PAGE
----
- Players: HerrWalter, Swordfish, Tijs
- Missing: David, MartenS, monster87
- Experience gained/Total experience/Current level: 2250/2250/3
Several people, who had never met before, found themselves in a jail cell with each other. They were Rallin, a stubborn and philosophically inclined dwarf, Lianne Lightbringer, a beautiful yet naive maiden, Gabriël Lafleur, a happy-go-lucky scoundrel, Valgrind, an introverted bard, and a psychopathic, screeching and cursing halfling, whose name they did not ask.
After a while, the halfling was transferred from the cell and was replaced by a kinder man, Dustin the Wind. It was then that this group started to bond a bit, as they all claimed they hadn’t done anything to deserve their detainment. Seemingly, they had all been arrested while visiting Horizon after being asked their name. The exception to this was Gabriël, who had asked to be arrested. Or so he claimed.
After a few days in containment, a tiefling captain, Akmenos, announced to the group that they would be moved by train to Asgard, Windya’s state prison. He would treat them, he continued, as the dirty criminals they are. Slamming his tail to the ground with each word, he left again, leaving the group to wonder what would happen to them now.
Soon, they were chained to each other, with their hands behind their back, and then blindfolded. After being taken to a train cabin, they were chained to the wall and, seemingly, the journey they would now embark upon would be their last for awhile.
The group could overhear some of the guards as they discussed that one of the prisoners was a “Lightbringer” (which later turned out to be Lianne’s last name) and, because some strings would be pulled, would probably not serve any time at all. This enraged captain Akmenos, who roused the guards with a speech of hatred against all criminals, leading one of the guards to spit Rallin in the face. Rallin took this all stoicly, wiping himself clear on Lianne’s dress.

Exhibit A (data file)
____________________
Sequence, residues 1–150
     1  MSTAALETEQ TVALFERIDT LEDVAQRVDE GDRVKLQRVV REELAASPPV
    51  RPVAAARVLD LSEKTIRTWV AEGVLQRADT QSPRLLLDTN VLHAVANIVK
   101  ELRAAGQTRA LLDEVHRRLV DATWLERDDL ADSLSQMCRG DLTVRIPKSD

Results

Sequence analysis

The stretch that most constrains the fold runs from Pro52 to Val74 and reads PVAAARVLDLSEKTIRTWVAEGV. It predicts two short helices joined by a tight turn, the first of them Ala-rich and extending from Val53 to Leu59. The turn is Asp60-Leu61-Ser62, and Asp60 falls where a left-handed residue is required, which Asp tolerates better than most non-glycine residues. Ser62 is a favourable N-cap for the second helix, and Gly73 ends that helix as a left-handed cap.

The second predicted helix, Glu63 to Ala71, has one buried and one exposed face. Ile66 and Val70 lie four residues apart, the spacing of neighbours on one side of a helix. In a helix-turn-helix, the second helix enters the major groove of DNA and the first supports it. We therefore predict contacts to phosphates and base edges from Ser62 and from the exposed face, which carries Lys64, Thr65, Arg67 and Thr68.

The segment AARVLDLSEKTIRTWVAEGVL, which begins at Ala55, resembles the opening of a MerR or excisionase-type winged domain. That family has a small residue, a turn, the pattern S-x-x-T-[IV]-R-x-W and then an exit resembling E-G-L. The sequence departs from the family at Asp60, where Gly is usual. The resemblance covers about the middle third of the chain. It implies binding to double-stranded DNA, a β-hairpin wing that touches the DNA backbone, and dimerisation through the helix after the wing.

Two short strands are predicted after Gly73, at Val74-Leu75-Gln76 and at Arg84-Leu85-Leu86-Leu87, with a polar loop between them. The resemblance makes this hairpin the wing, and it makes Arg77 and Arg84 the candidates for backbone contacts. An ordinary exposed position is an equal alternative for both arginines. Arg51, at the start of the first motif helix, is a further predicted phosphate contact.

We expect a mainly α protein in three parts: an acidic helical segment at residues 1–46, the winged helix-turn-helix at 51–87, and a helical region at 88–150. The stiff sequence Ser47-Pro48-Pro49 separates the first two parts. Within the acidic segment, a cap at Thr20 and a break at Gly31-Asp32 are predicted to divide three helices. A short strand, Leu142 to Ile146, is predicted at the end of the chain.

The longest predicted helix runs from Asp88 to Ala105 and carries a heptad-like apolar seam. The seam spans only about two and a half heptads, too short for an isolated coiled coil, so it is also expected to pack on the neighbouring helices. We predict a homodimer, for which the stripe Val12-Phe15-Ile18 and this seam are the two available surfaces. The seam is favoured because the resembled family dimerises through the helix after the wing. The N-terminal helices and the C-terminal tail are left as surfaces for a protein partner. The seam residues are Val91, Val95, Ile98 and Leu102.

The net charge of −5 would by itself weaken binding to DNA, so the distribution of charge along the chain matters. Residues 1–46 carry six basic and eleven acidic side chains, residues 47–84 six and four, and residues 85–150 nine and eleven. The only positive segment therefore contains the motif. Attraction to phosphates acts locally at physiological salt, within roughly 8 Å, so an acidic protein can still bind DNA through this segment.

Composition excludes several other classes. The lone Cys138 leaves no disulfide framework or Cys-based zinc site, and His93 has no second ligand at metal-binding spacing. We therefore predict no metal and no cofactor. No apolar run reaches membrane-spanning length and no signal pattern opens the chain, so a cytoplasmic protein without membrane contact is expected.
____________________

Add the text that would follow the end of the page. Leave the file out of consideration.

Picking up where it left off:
Suddenly, the train made a lot of noise and sudden movements. The group fell to one side of the cabin, still chained to each other and to the wall. Screaming, falling objects and breaking glass followed. The train had come off the rails. The group stayed relatively safe, since they were chained to the wall of the cabin, but when Gabriël took of his blindfold (without using his hands, of course) he saw that some of the guards hadn’t been so lucky. Two of them had died in the accident. The captain and the remaining guards were trying to hold on.
The cabin had flipped on its side, and the group decided that this was their opportunity to escape. Although not everybody was extremely eager to resist their arrest, nobody wanted to stay in the cabin, where their lives were still in danger.
Captain Akmenos rallied his guards, howling that they would not escape his grasp. A battle ensued. The group was simultaneously fighting gravity and their captors. Gabriël managed to get a hold of the keys that the captain was holding, and handily freed everybody from their chains. After this, Gabriël seemed to mostly hide it out, until the fight went awry: Akmenos had knocked Lianne unconscious. Gabriel then lunged at him and made a great slit in Akmenos’ face.